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subsidies interrupt the free market. thats what the govt does. if we had a truely free market in which the govt didn't interfere alot of folks wouldn't have bought EVs due to the price... we also wouldn't have all this 'safety' stuff being forced on us in the vehicles. if you made airbags, lane assist, etc, options. I'm willing to bet folks would pass on them.

and as far as the MIT study... how do they know its car pollution? factories put out alot of emissions too.
 

bleme

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we also wouldn't have all this 'safety' stuff being forced on us in the vehicles.
I had a 1975 Honda CVCC that got 43 mpg on the freeway. Then they added catalytic converters and such and fuel economy dropped like a rock. I've always wondered how burning more fuel was supposedly better for the environment.
 

Kent88

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subsidies interrupt the free market. thats what the govt does. if we had a truely free market in which the govt didn't interfere alot of folks wouldn't have bought EVs due to the price... we also wouldn't have all this 'safety' stuff being forced on us in the vehicles. if you made airbags, lane assist, etc, options. I'm willing to bet folks would pass on them.
I feel like we're veering off into economics, and that seems like a discussion that would be more appropriate in the debate section.

Let's just make sure we keep any economic talks relevant to EVs
 

Bilsch

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Again, you quote only those numbers that suit you and leave out the biggest cost - the car payment (and the payment on your solar panels). You are becoming very predictable.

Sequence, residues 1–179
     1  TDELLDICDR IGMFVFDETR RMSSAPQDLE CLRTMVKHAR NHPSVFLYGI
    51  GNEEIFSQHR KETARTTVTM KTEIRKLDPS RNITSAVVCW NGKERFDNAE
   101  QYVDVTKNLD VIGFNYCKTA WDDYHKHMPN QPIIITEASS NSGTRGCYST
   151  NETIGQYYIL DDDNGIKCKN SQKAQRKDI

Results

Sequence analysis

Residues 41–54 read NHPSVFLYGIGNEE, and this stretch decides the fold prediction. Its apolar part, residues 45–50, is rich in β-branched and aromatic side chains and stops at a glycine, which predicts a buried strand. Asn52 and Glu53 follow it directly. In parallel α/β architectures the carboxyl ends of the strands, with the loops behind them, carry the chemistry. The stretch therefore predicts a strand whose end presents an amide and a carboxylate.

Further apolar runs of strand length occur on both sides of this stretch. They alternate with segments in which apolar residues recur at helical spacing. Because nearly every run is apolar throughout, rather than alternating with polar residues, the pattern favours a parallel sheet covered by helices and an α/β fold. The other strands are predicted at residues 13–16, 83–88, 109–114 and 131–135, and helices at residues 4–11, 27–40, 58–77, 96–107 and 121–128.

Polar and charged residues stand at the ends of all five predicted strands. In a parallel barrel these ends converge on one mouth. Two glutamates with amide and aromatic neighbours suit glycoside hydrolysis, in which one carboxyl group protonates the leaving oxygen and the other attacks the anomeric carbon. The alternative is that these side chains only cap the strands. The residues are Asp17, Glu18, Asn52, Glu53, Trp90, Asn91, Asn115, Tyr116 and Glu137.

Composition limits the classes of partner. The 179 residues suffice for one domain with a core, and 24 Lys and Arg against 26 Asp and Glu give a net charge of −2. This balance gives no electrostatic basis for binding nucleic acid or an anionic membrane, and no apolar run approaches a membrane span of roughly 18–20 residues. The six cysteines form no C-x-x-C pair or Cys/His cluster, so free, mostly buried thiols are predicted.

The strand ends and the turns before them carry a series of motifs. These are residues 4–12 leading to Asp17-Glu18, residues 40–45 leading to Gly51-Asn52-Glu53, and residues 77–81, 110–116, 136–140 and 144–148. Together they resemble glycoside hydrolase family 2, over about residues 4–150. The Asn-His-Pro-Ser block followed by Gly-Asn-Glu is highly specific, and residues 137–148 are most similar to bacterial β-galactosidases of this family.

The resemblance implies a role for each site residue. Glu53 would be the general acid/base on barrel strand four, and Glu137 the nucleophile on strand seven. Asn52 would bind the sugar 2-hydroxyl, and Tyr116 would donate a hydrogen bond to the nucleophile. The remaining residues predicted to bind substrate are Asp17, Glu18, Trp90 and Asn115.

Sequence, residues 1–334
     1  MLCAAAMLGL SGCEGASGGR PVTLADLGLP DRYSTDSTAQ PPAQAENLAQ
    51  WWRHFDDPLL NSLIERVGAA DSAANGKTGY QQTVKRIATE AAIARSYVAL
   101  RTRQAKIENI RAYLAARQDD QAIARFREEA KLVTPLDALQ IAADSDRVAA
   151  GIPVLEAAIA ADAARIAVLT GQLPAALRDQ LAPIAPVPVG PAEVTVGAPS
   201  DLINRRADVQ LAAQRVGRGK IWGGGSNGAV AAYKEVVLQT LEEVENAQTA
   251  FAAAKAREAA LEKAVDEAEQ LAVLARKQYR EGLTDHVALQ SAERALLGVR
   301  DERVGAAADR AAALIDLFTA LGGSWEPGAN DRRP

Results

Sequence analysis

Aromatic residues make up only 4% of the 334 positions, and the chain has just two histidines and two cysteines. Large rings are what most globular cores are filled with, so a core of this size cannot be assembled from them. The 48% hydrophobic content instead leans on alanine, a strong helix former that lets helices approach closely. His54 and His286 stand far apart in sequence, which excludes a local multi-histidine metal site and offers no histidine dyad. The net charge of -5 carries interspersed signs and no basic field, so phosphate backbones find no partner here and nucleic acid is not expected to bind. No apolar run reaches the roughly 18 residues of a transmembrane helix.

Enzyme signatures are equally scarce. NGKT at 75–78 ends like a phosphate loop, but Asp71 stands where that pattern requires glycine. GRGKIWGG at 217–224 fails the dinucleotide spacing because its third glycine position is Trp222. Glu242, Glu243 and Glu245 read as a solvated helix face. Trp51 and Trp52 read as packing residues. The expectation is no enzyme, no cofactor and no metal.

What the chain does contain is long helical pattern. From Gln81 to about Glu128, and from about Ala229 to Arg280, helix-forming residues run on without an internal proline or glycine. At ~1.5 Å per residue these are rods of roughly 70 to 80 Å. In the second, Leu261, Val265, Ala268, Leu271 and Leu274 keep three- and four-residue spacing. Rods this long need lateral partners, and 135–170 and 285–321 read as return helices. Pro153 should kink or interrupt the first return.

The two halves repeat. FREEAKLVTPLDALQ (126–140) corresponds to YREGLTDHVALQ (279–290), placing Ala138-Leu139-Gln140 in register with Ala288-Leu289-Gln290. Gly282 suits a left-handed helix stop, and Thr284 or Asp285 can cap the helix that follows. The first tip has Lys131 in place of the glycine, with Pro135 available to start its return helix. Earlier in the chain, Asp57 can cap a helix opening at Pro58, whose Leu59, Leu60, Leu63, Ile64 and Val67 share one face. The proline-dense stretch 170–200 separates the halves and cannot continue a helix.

And how, exactly, did these unbiased people decide that people died from car pollution? I'm sure it is just as unbiased as the number of people who have died from covid. It is scary how you fail to see the seemingly obvious bias in everything you quote.
Seriously?? I quoted my own numbers. How is that cherry picking numbers? I assumed that you have already read the other 3 times in this thread where I posted studies that say it takes an average of 3 years to reach cost parity with an ICE then beyond that it's all savings. Those numbers probably haven't changed in the two days since they were posted. You can obfuscate all you like but the fact remains, all costs considered, over the life of an EV, it will save tens of thousands of dollars compared to a internal combustion vehicle. It's been proven time and again.

I have no idea how MIT did the study. But yea those bunch of clowns, what do they know. I would ignore it if I were you.
 

bleme

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Seriously?? I quoted my own numbers. How is that cherry picking numbers? I assumed that you have already read the other 3 times in this thread where I posted studies that say it takes an average of 3 years to reach cost parity with an ICE then beyond that it's all savings. Those numbers probably haven't changed in the two days since they were posted. You can obfuscate all you like but the fact remains, all costs considered, over the life of an EV, it will save tens of thousands of dollars compared to a internal combustion vehicle. It's been proven time and again.